Reda, Poland

Reda ( Rheda German ) is a town in Poland in Pomeranian Voivodeship in Kashubian.

  • 2.1 Population development
  • 3.1 Structures
  • 4.1 External links
  • 4.2 footnotes


Geographical location

The landscape was formed by the ice ages. The place is located in the river bed by Reda and Leba. Through the city 's main street leading to the Hel Peninsula.


A wooden church was built in the 12th century. The first written mention of a place in the area of present-day Reda dates back to 1245th Around 1340 a flour mill and a blacksmith shop were built in the place. 1357 receives the location of the Teutonic Order the municipal law by Kulm law. 1358 the name Granslaw, 1398 Gran Slow and Granissow, 1400 and 1433 Redau speech is called. The present name Redau wears the place since about 1500. During the 17th century, the wooden church was burned. 1772 during the First Partition of Poland Reda falls to the Prussians. In 1888 a public school is inaugurated. 1903 a church was built in neo-gothic style.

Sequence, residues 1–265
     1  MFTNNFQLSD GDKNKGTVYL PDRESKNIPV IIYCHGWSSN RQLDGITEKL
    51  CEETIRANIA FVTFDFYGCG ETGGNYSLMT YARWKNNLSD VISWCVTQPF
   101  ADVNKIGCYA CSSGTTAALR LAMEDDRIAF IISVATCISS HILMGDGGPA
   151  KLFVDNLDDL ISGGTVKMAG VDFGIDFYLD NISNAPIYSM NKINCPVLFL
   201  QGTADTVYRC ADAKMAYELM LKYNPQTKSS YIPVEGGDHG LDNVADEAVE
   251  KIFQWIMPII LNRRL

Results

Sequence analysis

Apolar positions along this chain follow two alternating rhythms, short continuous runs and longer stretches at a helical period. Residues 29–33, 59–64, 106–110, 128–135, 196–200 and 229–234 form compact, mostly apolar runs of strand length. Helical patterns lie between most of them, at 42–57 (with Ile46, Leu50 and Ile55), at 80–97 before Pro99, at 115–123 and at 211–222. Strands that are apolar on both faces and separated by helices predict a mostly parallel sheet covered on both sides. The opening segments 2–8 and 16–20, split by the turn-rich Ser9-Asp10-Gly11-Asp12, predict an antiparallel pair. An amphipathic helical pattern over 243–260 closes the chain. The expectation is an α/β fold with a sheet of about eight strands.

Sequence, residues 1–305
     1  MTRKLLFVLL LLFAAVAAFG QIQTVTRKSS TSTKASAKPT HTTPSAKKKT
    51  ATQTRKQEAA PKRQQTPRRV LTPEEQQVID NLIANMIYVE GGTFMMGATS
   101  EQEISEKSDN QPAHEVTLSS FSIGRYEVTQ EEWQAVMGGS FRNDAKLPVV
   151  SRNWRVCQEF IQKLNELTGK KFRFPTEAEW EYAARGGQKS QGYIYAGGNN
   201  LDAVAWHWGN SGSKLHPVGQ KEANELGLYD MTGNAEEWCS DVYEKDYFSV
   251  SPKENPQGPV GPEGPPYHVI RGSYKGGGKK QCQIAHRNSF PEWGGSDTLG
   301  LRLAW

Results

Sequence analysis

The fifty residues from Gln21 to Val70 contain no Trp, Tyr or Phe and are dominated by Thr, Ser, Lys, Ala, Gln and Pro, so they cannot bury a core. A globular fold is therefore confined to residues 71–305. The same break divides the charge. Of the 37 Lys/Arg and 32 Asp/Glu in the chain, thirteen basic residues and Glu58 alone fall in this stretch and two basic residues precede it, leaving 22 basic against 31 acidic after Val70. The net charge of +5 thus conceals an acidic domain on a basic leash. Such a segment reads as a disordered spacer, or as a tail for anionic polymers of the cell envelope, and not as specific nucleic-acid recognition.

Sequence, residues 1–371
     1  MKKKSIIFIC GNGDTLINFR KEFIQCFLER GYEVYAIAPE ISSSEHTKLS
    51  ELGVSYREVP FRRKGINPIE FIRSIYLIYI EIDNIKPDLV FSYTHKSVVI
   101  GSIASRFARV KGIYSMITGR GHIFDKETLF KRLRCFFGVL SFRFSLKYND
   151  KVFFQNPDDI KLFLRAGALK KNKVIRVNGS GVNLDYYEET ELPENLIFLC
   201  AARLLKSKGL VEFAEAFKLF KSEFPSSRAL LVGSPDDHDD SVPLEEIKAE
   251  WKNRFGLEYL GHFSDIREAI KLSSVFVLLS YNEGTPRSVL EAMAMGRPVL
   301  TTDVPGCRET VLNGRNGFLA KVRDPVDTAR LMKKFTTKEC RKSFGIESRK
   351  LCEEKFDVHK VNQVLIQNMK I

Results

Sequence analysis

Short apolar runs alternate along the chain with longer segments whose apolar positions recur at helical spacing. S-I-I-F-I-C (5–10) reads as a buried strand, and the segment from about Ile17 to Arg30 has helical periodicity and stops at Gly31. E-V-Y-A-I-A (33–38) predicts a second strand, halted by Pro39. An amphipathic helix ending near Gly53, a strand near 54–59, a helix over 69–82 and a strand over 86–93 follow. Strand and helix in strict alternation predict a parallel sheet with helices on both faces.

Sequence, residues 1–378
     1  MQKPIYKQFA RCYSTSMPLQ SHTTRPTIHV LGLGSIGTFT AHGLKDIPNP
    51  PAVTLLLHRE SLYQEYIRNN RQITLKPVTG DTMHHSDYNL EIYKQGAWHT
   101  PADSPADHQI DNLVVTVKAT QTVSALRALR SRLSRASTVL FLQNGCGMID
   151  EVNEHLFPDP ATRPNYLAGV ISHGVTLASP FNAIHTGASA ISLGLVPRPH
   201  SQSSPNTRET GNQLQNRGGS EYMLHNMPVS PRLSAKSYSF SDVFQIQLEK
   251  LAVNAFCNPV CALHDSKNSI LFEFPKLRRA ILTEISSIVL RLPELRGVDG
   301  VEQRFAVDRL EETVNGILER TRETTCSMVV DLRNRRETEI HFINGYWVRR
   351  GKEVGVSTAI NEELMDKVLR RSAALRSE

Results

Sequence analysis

After the First World War, the city was again part of Poland. On September 9, 1939, the site was occupied by the Wehrmacht. On 12 March 1945, the Red Army reached the city. After the Second World War, the city was part of the community Wejherowo. On January 1, 1955, the village council was set up in place and a year later the site of a settlement was independent again. The re- allocation of the town charter, lasted until 1967. In an administrative reform in 1975, the town is part of the Gdansk province, a further reform causes the site again in 1999 is part of the Pomeranian Voivodeship.

Population Development

Culture and sights


  • Station and surrounding buildings built around 1875
  • Memory and residential building at ul of Puck from the 14th/15th. century